So you know the basics of a single server solution but what about when things get a bit more technical? We take a look at what exactly a clustered server is and how can it benefit your business?
Defining a basic server is quite simple. It’s a computer that provides a service to other computers, living up to its name quite aptly. When you hear terms such as “file servers”, this means that the computer in question is enabled for file sharing while “print servers” are computers enabled for printing.
So, what does the term “clustered servers” mean?
Well, it is, quite literally, a cluster or group or servers working together to deliver high performance and availability. A cluster would normally consist of two or more connected servers acting as one virtual resource and is very reliable. Should, for example, a single server fail, the risk of downtime is reduced because the other servers in the cluster will pick up the malfunctioning server’s tasks and data.
A clustered server could be described as a super computer comprising a team of other interconnected computers, designed to carry out tasks simultaneously. There are different types of cluster available – you may have heard of load balancing, for example – but whatever the unique functionality, their ultimate goal is to increase efficiency through maintaining uptime and/or providing more power.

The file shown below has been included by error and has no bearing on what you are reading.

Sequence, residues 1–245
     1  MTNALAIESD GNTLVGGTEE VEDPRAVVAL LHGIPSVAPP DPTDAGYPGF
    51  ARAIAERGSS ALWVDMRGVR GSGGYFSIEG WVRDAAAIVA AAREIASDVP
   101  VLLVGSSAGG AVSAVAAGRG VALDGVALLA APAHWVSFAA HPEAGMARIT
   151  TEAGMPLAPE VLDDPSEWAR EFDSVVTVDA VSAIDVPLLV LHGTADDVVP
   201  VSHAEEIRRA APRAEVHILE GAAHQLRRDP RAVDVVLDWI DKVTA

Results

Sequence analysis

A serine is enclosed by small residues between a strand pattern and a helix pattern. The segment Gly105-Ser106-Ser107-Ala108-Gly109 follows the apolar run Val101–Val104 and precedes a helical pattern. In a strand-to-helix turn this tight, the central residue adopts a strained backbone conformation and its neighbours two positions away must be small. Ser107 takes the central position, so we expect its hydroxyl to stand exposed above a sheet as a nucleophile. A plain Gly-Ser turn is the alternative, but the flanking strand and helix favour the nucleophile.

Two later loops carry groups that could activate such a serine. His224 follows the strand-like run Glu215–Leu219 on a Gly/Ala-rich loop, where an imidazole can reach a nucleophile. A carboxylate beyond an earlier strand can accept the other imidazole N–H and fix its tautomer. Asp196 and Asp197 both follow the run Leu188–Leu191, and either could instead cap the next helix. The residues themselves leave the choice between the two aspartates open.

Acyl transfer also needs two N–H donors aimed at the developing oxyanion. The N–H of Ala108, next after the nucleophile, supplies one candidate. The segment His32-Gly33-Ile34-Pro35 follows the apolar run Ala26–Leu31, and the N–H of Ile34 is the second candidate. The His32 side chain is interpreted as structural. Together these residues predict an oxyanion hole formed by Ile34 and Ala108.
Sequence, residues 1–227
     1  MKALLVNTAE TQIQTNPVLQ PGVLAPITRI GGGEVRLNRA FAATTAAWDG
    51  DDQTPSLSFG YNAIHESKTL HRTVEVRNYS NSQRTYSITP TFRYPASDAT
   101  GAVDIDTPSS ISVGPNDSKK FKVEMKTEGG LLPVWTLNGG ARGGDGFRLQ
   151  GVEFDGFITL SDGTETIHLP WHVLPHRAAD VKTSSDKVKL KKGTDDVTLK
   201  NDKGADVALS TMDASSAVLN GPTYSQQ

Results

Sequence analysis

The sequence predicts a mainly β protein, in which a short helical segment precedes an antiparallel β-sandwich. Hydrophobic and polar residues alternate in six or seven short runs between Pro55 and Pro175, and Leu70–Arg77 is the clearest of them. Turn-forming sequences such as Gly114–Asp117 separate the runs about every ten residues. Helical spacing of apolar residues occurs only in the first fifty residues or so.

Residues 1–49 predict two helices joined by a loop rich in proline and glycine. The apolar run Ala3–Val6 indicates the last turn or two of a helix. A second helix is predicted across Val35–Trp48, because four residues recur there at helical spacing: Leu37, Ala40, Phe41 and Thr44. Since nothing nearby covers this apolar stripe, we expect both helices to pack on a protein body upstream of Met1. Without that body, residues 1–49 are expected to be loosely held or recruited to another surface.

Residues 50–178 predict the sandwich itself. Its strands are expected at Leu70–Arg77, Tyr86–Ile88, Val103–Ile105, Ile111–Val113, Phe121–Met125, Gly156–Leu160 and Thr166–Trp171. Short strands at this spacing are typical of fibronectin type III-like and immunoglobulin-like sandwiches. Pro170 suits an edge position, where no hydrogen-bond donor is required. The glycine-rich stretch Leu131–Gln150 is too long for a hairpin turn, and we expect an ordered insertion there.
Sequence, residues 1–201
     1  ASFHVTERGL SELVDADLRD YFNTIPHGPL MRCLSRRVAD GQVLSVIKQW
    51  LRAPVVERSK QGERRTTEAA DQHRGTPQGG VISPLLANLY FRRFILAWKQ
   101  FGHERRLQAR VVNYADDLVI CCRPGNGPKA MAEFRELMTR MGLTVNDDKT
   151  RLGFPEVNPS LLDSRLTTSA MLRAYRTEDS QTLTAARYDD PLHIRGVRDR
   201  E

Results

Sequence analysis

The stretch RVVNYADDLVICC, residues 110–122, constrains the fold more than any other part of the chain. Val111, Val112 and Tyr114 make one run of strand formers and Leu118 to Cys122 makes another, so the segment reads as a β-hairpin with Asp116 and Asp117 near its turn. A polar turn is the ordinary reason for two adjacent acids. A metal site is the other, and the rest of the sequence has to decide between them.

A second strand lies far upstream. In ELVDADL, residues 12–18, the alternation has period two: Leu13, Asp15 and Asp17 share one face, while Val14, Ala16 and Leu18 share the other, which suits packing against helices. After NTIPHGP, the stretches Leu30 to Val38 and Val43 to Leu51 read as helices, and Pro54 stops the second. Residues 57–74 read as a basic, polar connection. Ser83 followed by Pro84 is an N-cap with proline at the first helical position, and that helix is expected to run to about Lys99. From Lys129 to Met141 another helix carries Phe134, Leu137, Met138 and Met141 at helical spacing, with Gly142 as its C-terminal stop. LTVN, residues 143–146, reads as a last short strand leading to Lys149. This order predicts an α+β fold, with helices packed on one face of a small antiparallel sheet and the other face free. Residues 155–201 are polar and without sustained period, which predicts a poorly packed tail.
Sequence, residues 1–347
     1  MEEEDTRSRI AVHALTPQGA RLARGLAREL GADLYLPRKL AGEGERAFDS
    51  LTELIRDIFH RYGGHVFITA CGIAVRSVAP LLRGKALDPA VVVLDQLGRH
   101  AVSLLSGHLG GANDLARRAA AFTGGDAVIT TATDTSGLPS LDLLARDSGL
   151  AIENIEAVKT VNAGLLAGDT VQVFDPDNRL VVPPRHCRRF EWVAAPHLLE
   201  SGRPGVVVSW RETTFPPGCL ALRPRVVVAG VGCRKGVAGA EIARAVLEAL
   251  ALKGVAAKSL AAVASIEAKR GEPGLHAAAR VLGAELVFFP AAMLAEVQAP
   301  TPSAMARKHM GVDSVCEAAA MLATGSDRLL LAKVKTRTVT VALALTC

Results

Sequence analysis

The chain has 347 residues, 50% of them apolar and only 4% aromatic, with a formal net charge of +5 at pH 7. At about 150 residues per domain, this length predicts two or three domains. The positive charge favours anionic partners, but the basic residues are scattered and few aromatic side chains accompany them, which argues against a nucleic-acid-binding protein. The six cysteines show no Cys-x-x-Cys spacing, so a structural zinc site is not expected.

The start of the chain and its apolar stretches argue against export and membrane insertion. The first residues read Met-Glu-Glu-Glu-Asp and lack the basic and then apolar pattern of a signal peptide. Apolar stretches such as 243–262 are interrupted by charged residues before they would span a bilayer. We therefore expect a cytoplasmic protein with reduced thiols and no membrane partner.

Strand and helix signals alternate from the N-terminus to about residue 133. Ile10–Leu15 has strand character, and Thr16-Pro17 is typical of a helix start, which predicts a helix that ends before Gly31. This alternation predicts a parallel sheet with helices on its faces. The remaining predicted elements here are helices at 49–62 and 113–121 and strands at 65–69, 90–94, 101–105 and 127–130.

Why choose clustered servers?
The high availability and scalability of clusters mean that they are attractive to growing businesses needing to cater for increasing requirements. However, as clustered servers involve more of hardware and the solution needs to be carefully designed to join the servers, there are cost increases compared to simple, single server solutions. Additionally, not all types of applications and servers are supported by clustering and some cluster designs are too complex and expensive to implement so there are restrictions with this solution.
Companies choose clustered servers for business continuity. It is comforting to know that your business critical network applications are not wholly dependent on just one server. In a cluster, availability can be maintained even if one component of the cluster were to fail.
Clustered servers are strong, scalable and powerful; providing around-the-clock availability and allowing users to increase the number of servers or virtual machines to accommodate business growth. Shared resources reduce the demand on a single server, giving an improved level of performance and, should you need to shut a server down for maintenance, the others will handle its load without interruption to users. Load balancing directs requests to available servers only, guaranteeing high availability. Clustering is available on a variety of databases including SQL and MySQL; another benefit of this kind of solution.